DCSIMG

Easing those pains away

Matthew Taylor from the Pain Clinic in Gainsborough G120915-1a

Matthew Taylor from the Pain Clinic in Gainsborough G120915-1a

SUFFERING with a bad back may not have been much fun at the time, but it has led to a new business for Matthew Taylor.

He had remedial massage on his back which was so effective he decided to learn it himself.

Matthew, 46, of Shakespeare Street, Gainsborough, was living in Bolton when he met a remedial masseur.

“I was sitting in a sauna in a gym and I was complaining about my back and this chap said he could sort it out for me,” said Matthew.

“I went to see him and it worked, it’s very effective.”

He decided to find out more and went to Sheffield to train at a clinic for six months.

Now he has set up his own Pain Clinic, on Trinity Street, Gainsborough.

“I’d been thinking about setting up my own business for quite a time and so decided to go for it,” he said.

“It’s been up and down so far because we’re in a recession. Some weeks I am really busy and other weeks are quieter.”

Matthew charges £20 for half an hour and £30 for an hour, promising a “full treatment”, likening it to the difference between chip shops.

“Some chippies don’t give you many chips but I’m like the chippie that gives you a portion of chips big enough for three people,” he said.

“I had a chap who came in with a stick and his knee in a truss and after I’d treated him he threw his stick away.”

Matthew, whose previous jobs have included bar work here and abroad, and working in a care home, said remedial massage offered more than physiotherapy.

“Remedial massage gets considerably deeper. When muscles are damaged or you tear them, they get tight and I use pressure to break that up and relax them.”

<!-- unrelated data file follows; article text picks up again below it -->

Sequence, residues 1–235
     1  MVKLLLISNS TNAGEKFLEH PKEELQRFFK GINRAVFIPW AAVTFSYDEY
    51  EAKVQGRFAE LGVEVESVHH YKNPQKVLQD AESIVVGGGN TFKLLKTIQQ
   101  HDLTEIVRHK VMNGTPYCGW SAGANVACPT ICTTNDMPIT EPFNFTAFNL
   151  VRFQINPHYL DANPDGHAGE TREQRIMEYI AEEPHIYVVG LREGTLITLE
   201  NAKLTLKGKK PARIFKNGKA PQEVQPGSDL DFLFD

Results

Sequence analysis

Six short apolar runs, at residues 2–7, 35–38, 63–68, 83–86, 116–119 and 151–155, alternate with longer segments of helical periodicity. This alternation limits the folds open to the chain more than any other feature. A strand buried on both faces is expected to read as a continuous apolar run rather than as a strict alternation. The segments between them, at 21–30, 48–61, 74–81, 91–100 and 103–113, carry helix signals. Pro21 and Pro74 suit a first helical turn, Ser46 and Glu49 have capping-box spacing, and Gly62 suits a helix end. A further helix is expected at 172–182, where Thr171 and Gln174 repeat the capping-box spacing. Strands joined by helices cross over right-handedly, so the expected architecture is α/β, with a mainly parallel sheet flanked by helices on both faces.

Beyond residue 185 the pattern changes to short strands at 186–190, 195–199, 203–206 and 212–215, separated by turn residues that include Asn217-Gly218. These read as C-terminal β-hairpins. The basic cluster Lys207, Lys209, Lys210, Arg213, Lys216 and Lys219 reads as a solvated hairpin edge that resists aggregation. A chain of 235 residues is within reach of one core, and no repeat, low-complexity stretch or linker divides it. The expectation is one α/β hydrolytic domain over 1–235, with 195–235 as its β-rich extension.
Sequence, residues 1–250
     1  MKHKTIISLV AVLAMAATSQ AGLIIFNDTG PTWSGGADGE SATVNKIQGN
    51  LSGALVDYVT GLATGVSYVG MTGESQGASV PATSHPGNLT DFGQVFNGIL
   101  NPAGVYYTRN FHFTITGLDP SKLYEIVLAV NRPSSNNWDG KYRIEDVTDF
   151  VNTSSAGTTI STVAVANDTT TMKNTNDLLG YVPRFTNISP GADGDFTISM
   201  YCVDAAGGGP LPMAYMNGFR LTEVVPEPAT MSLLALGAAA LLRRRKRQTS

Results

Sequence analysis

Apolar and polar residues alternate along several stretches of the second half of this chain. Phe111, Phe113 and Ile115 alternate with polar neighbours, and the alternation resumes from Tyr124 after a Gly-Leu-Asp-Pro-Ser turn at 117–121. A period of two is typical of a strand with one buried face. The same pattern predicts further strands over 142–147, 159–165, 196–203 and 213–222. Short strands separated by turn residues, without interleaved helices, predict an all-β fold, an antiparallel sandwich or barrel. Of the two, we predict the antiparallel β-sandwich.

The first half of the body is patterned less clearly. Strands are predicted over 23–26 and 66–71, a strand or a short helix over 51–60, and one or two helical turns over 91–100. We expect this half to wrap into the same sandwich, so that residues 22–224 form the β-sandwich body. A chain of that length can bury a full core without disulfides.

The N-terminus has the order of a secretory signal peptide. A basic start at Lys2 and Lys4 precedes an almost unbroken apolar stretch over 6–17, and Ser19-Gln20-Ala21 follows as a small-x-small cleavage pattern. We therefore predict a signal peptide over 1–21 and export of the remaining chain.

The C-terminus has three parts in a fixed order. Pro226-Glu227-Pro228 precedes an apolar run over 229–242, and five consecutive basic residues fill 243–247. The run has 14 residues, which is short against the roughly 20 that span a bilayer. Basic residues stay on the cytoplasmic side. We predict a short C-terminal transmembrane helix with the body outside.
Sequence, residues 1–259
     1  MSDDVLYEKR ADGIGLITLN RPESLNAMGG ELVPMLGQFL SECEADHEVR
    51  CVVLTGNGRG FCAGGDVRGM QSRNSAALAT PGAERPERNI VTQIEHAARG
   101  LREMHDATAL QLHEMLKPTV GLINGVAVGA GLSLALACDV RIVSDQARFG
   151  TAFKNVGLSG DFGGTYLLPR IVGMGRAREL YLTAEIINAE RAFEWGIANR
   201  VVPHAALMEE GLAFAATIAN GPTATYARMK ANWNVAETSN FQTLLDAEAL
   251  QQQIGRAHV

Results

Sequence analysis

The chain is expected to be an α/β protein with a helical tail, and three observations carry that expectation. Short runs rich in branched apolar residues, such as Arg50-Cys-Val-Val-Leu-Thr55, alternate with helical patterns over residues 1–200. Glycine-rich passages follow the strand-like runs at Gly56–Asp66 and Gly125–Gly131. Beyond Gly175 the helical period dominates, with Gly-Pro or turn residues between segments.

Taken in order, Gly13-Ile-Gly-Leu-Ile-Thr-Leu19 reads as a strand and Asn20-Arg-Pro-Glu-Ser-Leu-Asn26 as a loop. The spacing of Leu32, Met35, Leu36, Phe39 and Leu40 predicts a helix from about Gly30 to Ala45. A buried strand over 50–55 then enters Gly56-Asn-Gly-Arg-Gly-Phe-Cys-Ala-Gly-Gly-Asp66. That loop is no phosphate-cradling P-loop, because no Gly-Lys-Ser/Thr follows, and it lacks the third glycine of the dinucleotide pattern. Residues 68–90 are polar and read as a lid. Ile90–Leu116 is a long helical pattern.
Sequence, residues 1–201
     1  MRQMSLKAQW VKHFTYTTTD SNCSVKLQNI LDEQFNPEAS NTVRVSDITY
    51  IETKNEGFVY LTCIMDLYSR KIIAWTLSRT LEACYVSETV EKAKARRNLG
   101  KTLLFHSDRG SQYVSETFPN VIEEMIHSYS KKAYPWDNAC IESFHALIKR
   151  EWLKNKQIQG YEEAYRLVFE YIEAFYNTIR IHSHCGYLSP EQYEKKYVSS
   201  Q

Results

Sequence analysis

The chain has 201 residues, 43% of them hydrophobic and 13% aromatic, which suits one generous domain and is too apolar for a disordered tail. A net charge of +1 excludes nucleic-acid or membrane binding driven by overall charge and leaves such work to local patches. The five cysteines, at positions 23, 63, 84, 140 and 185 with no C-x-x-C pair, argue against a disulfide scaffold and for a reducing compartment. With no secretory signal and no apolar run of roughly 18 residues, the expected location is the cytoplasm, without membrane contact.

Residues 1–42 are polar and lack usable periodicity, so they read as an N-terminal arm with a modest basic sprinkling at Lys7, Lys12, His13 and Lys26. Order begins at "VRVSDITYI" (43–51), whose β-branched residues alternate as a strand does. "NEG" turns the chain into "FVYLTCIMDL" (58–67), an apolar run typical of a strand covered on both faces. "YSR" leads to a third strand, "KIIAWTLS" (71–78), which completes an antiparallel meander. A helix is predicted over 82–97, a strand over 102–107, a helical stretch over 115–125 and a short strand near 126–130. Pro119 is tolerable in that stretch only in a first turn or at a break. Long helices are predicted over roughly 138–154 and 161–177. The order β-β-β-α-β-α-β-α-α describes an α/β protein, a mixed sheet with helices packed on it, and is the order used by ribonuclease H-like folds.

“I use a wooden instrument called a knobble and I can apply very deep pressure that loosens the muscle and gets rid of the pain.”

Matthew said he is treating people with all sorts of different complaints, from sport injuries and whiplash, to sciatica.

“People have also been to me suffering from headaches and migraine. They think there is nothing that can be done for them, but there is,” he said.

“As well as treating people I also give them advice.”

Matthew said he has been treating every age group from children to pensions.

He is working seven days a week from 10am to 8pm and hopes to be able to expand in the future.

He would like to move back to Bolton eventually and open another pain clinic there.

He describes himself as a musculoskeletal therapist and the list of treatments he offers includes mobilisation, head massage, and dealing with sport injuries, and whiplash and neck injuries.

Matthew suffered a broken arm, wrist, leg and finger in a car accident so he knows the ongoing pain which people can suffer.

He said: “I had a man come to me who was under a lot of stress and it had made his neck muscles short through the tension.”

“The treatment I give is deep and gets right to the problem, rather than just masking it.”

“I had a lady with knee trouble, because the muscles above and below it were tight, and now she can walk normally.”

 

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